JEFFERSON CITY — Missouri officials celebrated the centennial of the state Capitol's groundbreaking Monday while Senate budget writers advanced legislation that would provide millions of dollars for the building's maintenance and repairs.
The Senate Appropriations Committee endorsed legislation Monday that would permit $50 million for stonework, window repair and other work at the Capitol, as well as $20 million for repair and renovations at state parks, $13 million for the planning and design of a new facility at the Fulton State Hospital and $38 million to construct a new office building potentially at a former prison site in Jefferson City and to renovate a Transportation Department building.
The capital improvements legislation includes other state projects, and a similar proposal passed the state House last week.
Momentum for including funding for work at the state Capitol, the mental hospital and parks increased last week after Gov. Jay Nixon's administration announced that state revenues through April were 11.2 percent higher than at the same point last year. Missouri's net general revenue totaled $6.67 billion from July through April, compared to $5.99 billion during the same period last year.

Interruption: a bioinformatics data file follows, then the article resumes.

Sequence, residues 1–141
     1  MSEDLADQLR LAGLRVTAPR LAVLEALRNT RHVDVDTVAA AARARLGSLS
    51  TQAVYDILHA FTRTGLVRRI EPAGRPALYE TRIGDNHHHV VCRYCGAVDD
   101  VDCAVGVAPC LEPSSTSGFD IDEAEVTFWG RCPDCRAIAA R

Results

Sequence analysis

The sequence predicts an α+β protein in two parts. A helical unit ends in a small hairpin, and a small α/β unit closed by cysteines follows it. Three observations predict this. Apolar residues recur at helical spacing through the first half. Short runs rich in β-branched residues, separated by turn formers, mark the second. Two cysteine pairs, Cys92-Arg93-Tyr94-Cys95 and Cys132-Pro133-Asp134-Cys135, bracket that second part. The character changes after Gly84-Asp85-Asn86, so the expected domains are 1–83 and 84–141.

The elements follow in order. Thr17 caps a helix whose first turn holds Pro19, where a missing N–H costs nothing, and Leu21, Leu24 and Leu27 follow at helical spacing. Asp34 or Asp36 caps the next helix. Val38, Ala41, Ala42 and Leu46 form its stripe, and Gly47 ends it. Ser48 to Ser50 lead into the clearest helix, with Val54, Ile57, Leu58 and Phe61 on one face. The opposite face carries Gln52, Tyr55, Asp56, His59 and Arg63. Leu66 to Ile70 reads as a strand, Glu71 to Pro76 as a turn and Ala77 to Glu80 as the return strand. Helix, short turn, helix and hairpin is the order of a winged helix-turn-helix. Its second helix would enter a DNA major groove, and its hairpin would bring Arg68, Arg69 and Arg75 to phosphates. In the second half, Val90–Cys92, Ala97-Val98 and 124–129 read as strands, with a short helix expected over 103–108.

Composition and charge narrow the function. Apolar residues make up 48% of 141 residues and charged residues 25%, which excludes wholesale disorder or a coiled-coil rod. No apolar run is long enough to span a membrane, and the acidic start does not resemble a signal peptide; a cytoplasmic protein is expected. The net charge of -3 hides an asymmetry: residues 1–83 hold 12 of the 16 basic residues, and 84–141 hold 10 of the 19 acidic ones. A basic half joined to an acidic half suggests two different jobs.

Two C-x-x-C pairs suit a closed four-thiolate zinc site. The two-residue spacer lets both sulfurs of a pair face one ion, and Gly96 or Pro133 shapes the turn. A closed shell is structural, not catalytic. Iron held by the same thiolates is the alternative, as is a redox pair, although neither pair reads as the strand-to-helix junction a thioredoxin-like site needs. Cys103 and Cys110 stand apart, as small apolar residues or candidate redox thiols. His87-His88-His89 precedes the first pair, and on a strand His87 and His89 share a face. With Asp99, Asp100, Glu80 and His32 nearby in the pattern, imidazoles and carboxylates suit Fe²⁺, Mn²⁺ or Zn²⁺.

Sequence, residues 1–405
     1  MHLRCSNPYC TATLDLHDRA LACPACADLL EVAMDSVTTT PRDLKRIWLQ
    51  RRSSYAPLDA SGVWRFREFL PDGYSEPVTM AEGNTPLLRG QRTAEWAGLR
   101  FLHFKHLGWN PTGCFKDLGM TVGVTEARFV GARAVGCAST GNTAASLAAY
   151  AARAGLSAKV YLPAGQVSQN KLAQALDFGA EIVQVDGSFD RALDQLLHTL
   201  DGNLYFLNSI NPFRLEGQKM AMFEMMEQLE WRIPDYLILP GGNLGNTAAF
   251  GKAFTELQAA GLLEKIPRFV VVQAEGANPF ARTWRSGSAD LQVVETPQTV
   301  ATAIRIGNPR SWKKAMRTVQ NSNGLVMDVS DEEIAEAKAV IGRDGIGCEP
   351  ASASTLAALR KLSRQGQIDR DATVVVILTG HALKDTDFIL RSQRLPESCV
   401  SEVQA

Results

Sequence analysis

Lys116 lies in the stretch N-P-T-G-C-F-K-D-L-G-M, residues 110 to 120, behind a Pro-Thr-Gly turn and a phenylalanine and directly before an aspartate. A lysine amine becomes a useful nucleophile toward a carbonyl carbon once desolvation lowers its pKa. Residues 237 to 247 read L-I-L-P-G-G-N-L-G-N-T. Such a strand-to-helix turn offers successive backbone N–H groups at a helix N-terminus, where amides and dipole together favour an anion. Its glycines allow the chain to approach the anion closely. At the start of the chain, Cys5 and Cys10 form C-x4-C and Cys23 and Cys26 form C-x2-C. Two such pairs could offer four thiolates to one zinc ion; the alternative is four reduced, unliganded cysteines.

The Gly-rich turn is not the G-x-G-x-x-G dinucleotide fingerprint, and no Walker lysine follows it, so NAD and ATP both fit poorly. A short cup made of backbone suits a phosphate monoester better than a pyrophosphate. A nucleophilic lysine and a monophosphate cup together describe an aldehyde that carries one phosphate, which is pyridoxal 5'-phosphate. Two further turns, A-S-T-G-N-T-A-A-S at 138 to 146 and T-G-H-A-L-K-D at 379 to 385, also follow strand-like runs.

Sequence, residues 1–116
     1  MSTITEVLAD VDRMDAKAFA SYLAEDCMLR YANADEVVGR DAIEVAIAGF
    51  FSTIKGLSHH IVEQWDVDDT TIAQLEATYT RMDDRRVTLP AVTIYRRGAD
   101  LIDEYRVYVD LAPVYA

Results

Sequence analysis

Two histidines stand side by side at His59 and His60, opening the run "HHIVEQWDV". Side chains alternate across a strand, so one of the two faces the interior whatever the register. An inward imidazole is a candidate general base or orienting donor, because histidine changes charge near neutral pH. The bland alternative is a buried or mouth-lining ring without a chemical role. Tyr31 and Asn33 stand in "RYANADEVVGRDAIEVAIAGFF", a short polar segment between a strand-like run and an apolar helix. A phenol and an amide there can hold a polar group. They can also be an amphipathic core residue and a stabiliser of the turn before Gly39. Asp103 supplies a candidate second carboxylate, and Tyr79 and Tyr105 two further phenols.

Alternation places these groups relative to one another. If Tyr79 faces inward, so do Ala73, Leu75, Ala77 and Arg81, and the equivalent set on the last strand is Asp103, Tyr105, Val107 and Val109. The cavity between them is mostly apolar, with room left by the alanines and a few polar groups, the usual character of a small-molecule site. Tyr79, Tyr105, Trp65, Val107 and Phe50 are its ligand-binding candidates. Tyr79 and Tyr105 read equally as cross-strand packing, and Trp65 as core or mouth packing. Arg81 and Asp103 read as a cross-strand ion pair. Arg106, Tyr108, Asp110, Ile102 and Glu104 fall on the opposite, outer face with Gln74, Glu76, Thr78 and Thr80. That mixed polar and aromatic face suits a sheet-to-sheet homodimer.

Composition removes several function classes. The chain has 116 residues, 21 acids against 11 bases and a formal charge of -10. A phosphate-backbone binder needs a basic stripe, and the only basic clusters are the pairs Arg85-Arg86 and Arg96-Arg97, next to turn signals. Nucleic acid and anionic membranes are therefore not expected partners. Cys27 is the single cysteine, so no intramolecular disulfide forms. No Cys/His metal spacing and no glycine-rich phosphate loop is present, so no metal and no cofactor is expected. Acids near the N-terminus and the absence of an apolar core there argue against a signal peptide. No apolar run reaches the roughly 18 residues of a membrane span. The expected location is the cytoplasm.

Shortly before the budget writers met, Missouri leaders celebrated the start of construction of the Capitol. Dirt first was turned during a ceremony in May 1913. The cornerstone was laid in 1915, the first government offices moved into the structure in 1917 and the building was dedicated in 1924. The current Capitol was built to replace one that burned Feb. 5, 1911, after lightning struck its dome.
Nixon and legislative leaders said during a ceremony Monday in the Capitol Rotunda that it is a strong state symbol.
"Whether it's 100 years ago or 100 years from now, Missouri will always be a place where we come together with an eye toward the future and acknowledgement of the past to build a brighter tomorrow for the state we call home," Nixon said.
House Speaker Tim Jones and Senate Majority Leader Ron Richard said they remain awe-struck while working in the Capitol. Jones called it the "crown jewel" of Missouri and said that addressing its repair and maintenance needs will help to ensure future lawmakers have a place to work and future visitors are able see its artwork and other details.
"This grand old building needs our care and our attention if it is to continue to serve the people of Missouri for another 100 years," Jones, R-Eureka, said.
Time is running short for lawmakers to complete their recommendations for the state's 2014 budget. Lawmakers have until 6 p.m. Friday to approve a spending plan that will take effect July 1.